27. Planning Engineer: I select SAIDI because its an internationally accepted engineering metric — something we can quantify and compare one System to another.

    If there are better internationally recognized engineering metrics that Utilities compile data on that we can compare — I’m all ears, what are they?

    • Among useful measures I would choose the best. Being the best but not useful or applicable does not carry a lot of weight. When it comes to grid blackouts in the US, I believe the southeast US has stood out for not having any. I wouldn’t be surprised to find though that the SAID levels there are not among the best. Maybe the southeast US has just been lucky when it comes to big outages, or maybe SAID does not have a lot to do with bulk reliability.

      No dispute with the German findings that if you have a dense area that includes high levels of renewables and a first rate transmission system and you spend a bit on your transmission you can have excellent SAIDI numbers.

      Help me understand your SAIDI argument. If you are saying that Germany was able to improve SAIDI by adding renewables and reducing transmission costs – that would be quite a claim. A lesser but still very good claim would be that Germany kept transmission spending at similar levels and with the addition of renewables was able to improve SAIDI. I still would be impressed if Germany added renewables and kept costs and SAIDI where they were before – if that’s what you are claiming. But to say Germany added renewables and improved SAID while spending more money on transmission or that Germany maintained SAIDI with increased transmission spending coupled with renewables – those are not surprising claims that need any special acknowledgement or that in any way contradict any assertions that renewables raise transmission costs and lower reliability.

      • Peter Lang

        Help me understand your SAIDI argument. If you are saying that Germany was able to improve SAIDI by adding renewables and reducing transmission costs – that would be quite a claim. A lesser but still very good claim would be that Germany kept transmission spending at similar levels and with the addition of renewables was able to improve SAIDI. I still would be impressed if Germany added renewables and kept costs and SAIDI where they were before – if that’s what you are claiming.

        Excellent question. I look forward to Stephen Segrest’s straight answer (but I am not holding my breath).

        Put simply, has Germany added renewables and reduced cost? Or has it increased cost.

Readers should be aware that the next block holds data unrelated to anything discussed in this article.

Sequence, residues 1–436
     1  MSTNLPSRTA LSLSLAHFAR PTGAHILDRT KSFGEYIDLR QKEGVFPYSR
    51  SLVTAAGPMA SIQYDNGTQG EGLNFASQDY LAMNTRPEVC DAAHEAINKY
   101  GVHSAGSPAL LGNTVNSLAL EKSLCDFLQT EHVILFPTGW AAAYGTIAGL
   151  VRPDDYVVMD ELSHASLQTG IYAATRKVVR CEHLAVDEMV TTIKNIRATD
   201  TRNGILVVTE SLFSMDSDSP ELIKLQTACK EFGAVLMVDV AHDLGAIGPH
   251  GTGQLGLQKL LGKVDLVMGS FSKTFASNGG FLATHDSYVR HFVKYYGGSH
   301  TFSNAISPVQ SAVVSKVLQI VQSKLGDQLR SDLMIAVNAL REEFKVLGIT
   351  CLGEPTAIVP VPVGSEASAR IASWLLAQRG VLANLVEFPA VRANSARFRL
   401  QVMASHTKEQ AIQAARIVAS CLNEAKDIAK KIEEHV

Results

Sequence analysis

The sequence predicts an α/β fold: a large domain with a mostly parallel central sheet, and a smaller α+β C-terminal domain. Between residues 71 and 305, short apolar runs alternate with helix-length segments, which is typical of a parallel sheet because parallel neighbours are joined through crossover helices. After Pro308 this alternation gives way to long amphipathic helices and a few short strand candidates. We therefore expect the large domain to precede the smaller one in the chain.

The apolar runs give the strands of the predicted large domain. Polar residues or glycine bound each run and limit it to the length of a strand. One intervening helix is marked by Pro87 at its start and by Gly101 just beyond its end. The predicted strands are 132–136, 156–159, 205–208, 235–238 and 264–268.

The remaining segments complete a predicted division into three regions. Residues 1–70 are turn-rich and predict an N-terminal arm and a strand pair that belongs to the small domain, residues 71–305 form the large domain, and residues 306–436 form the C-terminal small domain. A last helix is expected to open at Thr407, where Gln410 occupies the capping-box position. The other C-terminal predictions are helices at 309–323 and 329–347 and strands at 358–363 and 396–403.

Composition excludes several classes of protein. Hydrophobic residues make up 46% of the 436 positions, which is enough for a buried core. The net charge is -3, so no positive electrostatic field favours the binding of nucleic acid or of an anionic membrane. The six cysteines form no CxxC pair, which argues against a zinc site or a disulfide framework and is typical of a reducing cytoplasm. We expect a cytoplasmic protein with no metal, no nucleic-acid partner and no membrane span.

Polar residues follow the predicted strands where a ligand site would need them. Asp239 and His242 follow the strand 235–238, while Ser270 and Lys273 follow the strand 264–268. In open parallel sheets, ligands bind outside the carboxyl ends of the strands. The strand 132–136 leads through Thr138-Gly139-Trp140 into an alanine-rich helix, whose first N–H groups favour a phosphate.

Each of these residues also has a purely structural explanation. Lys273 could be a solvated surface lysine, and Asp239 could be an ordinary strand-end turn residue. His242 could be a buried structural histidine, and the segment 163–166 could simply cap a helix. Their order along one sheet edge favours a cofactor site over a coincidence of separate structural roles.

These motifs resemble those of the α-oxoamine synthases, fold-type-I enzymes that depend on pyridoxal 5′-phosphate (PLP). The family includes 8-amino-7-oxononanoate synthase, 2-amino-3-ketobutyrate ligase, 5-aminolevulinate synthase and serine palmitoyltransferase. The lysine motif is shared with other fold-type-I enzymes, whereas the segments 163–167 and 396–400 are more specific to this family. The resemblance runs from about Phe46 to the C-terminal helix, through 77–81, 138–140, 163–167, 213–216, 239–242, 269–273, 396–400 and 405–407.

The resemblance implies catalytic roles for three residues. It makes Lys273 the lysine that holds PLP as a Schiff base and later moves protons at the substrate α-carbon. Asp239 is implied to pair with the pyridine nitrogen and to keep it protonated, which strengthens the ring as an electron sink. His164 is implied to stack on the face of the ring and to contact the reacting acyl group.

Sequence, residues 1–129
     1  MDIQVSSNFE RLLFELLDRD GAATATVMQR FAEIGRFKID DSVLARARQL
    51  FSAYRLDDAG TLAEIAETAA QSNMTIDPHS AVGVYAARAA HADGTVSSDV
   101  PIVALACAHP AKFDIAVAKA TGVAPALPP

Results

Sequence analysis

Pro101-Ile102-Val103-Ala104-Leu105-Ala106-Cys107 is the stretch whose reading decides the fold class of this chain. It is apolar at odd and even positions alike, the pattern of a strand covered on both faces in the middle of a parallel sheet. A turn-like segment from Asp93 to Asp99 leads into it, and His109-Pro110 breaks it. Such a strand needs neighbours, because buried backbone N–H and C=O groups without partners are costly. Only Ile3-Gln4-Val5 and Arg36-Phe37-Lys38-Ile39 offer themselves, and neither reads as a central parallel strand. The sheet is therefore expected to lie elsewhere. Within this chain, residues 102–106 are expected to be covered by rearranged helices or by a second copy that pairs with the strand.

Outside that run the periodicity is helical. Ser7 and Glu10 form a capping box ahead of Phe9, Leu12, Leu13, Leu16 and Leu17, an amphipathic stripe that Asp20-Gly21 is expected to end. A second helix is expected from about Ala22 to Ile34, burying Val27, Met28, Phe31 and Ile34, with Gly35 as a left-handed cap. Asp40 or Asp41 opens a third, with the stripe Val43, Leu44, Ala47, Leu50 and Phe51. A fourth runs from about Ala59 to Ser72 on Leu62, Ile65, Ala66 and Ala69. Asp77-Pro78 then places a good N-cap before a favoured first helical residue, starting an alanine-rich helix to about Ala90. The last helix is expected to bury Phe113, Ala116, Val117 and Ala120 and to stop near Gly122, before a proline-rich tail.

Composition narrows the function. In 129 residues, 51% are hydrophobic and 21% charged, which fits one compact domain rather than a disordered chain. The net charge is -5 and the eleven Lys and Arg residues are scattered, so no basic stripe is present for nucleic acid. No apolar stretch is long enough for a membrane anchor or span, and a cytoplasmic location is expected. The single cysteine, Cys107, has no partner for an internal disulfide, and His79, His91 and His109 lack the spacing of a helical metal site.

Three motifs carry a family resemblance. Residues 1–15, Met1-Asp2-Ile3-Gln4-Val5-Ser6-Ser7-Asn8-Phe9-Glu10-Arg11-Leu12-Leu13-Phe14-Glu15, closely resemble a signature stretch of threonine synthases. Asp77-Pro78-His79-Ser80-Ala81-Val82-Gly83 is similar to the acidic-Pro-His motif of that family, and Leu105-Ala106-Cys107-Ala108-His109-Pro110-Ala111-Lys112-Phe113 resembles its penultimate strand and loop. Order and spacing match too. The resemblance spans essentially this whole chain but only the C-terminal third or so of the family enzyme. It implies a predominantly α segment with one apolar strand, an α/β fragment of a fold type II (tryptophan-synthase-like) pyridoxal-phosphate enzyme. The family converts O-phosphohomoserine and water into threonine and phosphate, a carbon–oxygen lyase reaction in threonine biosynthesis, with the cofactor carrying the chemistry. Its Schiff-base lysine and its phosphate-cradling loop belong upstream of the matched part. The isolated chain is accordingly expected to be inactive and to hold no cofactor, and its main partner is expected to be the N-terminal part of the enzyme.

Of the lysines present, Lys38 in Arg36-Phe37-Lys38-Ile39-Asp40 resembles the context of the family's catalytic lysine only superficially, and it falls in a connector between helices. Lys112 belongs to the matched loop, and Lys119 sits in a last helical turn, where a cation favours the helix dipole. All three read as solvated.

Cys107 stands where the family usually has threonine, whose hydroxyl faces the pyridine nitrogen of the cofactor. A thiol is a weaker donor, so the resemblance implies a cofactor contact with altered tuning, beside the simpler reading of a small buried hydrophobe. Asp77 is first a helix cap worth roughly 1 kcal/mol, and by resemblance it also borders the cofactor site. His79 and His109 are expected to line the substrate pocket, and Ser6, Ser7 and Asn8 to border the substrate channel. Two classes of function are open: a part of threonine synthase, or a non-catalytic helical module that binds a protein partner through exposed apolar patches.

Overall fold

BTW< I know the answer. You can see it clearly sumarised on Slide 14 here (emissions intensity versus normalised electricity price for selected countries with high proportion of nuclear and countries with high proportion of renewables: http://canadianenergyissues.com/2014/01/29/how-much-does-it-cost-to-reduce-carbon-emissions-a-primer-on-electricity-infrastructure-planning-in-the-age-of-climate-change/

  28. Danny Thomas

    PE,
    Thank you once again for your work and willingness to share. And to the thoughtful contributors downstream my further thanks. These are important conversations.

  29. Planning Engineer — I’m not making an argument. I am making an observation: Extremely high Renewable Energy penetration levels have occurred in Germany, and bad things (operationally that you’ve discussed on today’s and other posts on high penetration levels) have not occurred that I’m aware of.

    Is my perspective incorrect? Is there verified independent data of bad things happening operationally on the German grid? Not an anecdotal news story — but hard data/study.

    Imperfect as SAIDI may be, its the only metric (internationally recognized with data throughout the world) that sheds some real world data on the intermittency topic. Again, if there is something better than SAIDI available, please tell me.

    Do you know of independent and objective sources that explain to us how Germany has addressed intermittency issues, especially costs? Has Germany experienced high, moderate, or reasonable costs in integrating Renewables?

    Thanks.

    • richardswarthout

      Stephen

      Wasn’t this addressed by PE on a previous post, and wasn’t the answer related to the German grid being integrated with hydro from the north?

      Richard

    • Stephen – I don’t know that Germany is really studied here or is considered a source for emulation. I just hear about Germany during my outside reading. Most of what I’ve read are puff pieces notable in that they don’t say much. If you find something that has enough detail to put it in a good light, please share and I will do the same.